Pregnancy is an awesome, yet touchy time. Many women will share their horror stories about morning sickness that lasted the entire pregnancy or laboring for 1,000 hours, but mine was easy. In fact, the most difficult part of my pregnancy was finding a black OB/GYN to care for me. That may sound a bit blunt but the truth is that black women are dying at an alarming rate during childbirth because they do not receive the proper care and their voices are not being heard. I knew I needed someone that looked like me who would advocate for me if I were unable to. Luckily, I hit the mother load with my young, black, FEMALE OB!
Throughout my entire pregnancy, I didn’t find out the gender, so it was fun to hear everyone’s theories about my small baby bump. Bump and I were sailing smooth until week 34, when the ultrasound revealed that there was an irregularity with my baby’s waist. Most body parts measured at 34/35 weeks but the belly was measuring at 31 weeks. This discovery prompted bi-weekly ultrasounds. I panicked as most expectant mothers would but now I thank God for that scare because the following scan put me in the best place possible.
Picture this; you go to the imaging center at 11am for an ultrasound. During your appointment, the technician, who is usually very talkative, is quiet and super focused on the screen. She informs you that your baby hasn’t moved in over thirty minutes, which is cause for concern at 35 weeks gestation. She phones your OB and you are sent upstairs to Labor and Delivery for a stress test that should only take about twenty minutes. While you are hooked up to the stress test, you realize it’s been well over twenty minutes and you’re still there. Your baby finally moves and his heart rate drops. The nurse informs you to lie on your side and proceeds to move the baby. He moves and the heart rate goes back up.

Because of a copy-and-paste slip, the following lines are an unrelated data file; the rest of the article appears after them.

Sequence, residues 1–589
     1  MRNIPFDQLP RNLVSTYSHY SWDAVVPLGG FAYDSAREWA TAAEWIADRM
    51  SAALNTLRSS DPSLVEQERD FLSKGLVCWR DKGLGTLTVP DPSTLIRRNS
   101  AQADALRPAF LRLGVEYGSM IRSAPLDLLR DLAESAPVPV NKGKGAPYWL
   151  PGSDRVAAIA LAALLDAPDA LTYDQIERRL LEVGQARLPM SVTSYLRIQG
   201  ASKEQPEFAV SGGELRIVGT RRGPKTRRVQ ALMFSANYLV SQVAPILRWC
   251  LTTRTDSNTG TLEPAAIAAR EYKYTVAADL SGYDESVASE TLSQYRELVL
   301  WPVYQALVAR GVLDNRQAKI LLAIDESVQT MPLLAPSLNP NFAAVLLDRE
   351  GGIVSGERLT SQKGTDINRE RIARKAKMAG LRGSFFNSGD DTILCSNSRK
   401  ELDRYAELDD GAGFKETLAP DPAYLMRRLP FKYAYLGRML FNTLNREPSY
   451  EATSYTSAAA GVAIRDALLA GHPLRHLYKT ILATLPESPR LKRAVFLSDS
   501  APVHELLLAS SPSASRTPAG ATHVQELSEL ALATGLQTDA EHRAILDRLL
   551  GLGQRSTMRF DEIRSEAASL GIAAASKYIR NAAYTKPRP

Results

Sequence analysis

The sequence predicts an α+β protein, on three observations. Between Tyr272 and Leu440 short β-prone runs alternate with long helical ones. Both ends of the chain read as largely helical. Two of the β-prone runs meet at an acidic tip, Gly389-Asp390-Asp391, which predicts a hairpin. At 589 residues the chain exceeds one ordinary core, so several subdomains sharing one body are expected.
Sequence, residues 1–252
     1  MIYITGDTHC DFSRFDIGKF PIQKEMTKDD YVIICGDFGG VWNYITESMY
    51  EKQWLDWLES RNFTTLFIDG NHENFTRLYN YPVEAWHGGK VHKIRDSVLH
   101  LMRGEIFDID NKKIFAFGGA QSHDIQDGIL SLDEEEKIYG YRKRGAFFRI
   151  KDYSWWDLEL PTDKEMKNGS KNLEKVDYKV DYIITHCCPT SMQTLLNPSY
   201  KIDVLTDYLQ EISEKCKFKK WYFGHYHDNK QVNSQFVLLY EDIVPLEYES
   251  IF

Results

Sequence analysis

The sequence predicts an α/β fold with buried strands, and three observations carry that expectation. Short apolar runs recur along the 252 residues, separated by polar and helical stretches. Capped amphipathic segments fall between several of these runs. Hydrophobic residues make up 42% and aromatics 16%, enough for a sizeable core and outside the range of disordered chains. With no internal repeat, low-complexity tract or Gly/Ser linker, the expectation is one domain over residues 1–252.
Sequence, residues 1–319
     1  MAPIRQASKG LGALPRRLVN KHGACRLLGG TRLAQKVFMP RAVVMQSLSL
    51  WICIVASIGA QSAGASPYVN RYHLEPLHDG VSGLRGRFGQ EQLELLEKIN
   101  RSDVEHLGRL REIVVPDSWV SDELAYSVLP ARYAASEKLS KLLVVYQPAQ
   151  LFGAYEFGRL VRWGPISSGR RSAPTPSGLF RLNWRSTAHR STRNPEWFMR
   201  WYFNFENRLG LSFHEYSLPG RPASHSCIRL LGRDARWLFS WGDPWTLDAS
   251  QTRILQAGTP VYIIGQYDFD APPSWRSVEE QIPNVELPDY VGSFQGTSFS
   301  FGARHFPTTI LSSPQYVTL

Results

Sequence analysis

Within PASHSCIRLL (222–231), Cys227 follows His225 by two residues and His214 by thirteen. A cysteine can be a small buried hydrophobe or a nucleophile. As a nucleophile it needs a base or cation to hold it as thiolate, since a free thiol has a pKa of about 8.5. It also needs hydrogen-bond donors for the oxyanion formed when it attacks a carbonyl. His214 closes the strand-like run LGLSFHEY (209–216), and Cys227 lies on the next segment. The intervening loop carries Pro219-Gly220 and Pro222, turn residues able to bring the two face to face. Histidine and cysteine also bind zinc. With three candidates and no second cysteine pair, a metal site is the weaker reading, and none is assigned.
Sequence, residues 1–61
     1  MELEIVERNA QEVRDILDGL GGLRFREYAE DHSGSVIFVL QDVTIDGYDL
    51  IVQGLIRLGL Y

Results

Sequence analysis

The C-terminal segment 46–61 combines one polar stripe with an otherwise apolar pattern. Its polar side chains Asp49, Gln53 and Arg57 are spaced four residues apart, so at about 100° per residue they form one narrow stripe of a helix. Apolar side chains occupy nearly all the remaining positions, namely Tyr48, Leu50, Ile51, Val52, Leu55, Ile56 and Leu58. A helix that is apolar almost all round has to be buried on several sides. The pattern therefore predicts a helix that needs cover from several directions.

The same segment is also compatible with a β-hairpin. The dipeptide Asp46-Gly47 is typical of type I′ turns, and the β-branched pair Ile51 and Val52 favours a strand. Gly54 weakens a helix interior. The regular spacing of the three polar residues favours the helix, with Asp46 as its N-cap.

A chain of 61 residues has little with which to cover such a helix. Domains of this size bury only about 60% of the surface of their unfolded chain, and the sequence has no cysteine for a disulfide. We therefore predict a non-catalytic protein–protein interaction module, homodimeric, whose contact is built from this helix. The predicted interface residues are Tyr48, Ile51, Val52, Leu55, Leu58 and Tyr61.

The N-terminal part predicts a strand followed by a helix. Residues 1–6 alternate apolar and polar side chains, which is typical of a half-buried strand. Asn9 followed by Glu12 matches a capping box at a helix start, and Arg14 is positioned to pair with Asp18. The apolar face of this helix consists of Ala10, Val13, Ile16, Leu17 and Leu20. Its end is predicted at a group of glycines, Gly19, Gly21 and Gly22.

You ask your nurse if you should have your significant other come and she tells you not to worry yet. Ten minutes later you’re told that they have to deliver your baby NOW and your loved ones have roughly twenty minutes to get to the hospital. As you scramble to inform your family what is happening, people begin entering your room with clipboards asking you to sign documents that could possibly be signing your baby over to the state (I kid). The anesthesiologist comes in to talk to you about the block that she will be injecting into your spine. Your significant other walks in the room shocked, as the nurses are unlocking your bed to wheel you into the OR.
Sounds like a scene out of an OWN drama show right? Nope, this was my experience as a first time Mom, after an amazingly smooth pregnancy. I was rushed into the delivery room without even receiving a reason why they were delivering my baby five weeks early. I was scared, confused and helpless. While I was on the operating table, I prayed that God would allow me to bring my baby into this world, healthy. My SO made small talk. He was even more confused and helpless as I was. He got summoned to the hospital after being told everything was okay and to stay at work. He was expressionless until we were out of deep water.